According to the First Amendment Center’s new survey, freedom of speech is Americans’ favorite First Amendment right.
Press freedom, however, came in dead last.
The notion of ranking our rights is a bit contrived, given that — as the director of the First Amendment Center notes — “our core freedoms, regardless of their relative popularity, complement and reinforce one another.”
That said, press freedom’s standing in this survey, paired with recent events around the country, reveals a troubling disconnect.
The survey came out the same day that a bipartisan group of senators introduced a new version of the media shield law. The bill would codify the recently revised Justice Department guidelines for federal investigations involving journalists into law and expand their reach.
All of this comes on the heels of the controversy surrounding the Justice Department’s seizure of phone and email records from reporters at the Associated Press and Fox News. The new shield bill — a version of which is being teed up in the House — would ensure that future administrations can’t undo the new protections the Justice Department put in place. This is an encouraging development, but real questions remain about who the bill would protect and how loopholes around national security issues may weaken the law.
As this bill moves through Congress we need a national debate about press freedom and journalism in a networked age. We are facing a crisis in press freedom in America, and the worst thing that could happen would be for this bill to be negotiated behind closed doors without input from journalists and citizens around the country.
A range of threats is facing people who “commit acts of journalism.” We have talking heads and members of Congress musing about whether reporters should be jailed for publishing leaked documents. We have restrictive “Ag-Gag” laws that make it illegal to film farms and slaughterhouses. Police frequently threaten and intimidatephotographers just for doing their job. And more than 100 journalists have beenarrested while covering protests around the United States in the last two years.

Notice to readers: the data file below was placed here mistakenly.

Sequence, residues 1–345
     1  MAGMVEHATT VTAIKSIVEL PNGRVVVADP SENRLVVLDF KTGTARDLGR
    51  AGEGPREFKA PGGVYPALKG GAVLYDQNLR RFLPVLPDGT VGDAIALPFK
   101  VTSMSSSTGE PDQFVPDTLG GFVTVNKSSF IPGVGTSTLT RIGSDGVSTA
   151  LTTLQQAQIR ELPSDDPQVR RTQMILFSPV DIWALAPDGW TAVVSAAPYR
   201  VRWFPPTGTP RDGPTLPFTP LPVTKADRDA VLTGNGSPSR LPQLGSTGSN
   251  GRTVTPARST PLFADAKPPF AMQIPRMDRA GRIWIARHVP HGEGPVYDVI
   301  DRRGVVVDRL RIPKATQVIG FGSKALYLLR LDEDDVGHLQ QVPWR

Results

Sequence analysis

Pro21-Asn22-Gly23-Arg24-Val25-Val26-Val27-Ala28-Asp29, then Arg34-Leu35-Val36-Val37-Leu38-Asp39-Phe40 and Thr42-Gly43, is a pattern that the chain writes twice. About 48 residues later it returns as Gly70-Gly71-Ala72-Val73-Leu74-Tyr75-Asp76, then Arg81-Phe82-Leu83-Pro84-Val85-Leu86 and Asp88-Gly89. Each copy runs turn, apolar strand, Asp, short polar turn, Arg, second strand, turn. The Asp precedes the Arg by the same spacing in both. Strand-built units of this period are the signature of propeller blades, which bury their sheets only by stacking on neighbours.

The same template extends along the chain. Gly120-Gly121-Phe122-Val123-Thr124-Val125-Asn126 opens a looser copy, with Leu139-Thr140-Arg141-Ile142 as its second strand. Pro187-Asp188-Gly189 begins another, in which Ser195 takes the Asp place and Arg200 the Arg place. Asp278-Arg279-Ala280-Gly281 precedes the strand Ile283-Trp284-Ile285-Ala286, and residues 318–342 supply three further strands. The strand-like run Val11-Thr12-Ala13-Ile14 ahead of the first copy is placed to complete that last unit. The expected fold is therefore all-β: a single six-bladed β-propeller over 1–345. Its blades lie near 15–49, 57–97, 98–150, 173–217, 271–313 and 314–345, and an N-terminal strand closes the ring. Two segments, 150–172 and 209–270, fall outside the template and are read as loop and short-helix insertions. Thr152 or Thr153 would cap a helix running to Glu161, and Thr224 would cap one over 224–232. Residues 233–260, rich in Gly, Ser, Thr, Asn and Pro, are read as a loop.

The new Justice Department guidelines aren’t going to change this. The new shield law isn’t going to change this. Sternly worded letters from press organizations aren’t going to change this. Things will change only when people understand and embrace press freedom as a central part of their daily lives.
The traditional tactics for protecting press freedom are necessary but insufficient. We need to engage people’s hearts and minds. Harvard Law School Professor Yochai Benkler was in the news last week for his defense of WikiLeaks as a journalistic organization. Writing about the case last year, he argued “A country’s constitutional culture is made up of the stories we tell each other about the kind of nation we are.”
It’s time to tell a new story about press freedom in America. Our old stories celebrated the journalists of Watergate and the pioneering broadcasters who brought reporting on wars and struggles into our homes. But today, our story must account for livestreamers on the front lines of civil unrest, freelancers documenting conflicts abroad, bloggers covering their neighborhoods and bystanders who pull out their phones to bear witness to abuses and crimes.
We need to see press freedom rights not as a narrow set of protections for a particular industry, but as a broad set of rights applicable to all Americans.
(This post was originally published at FreePress.net)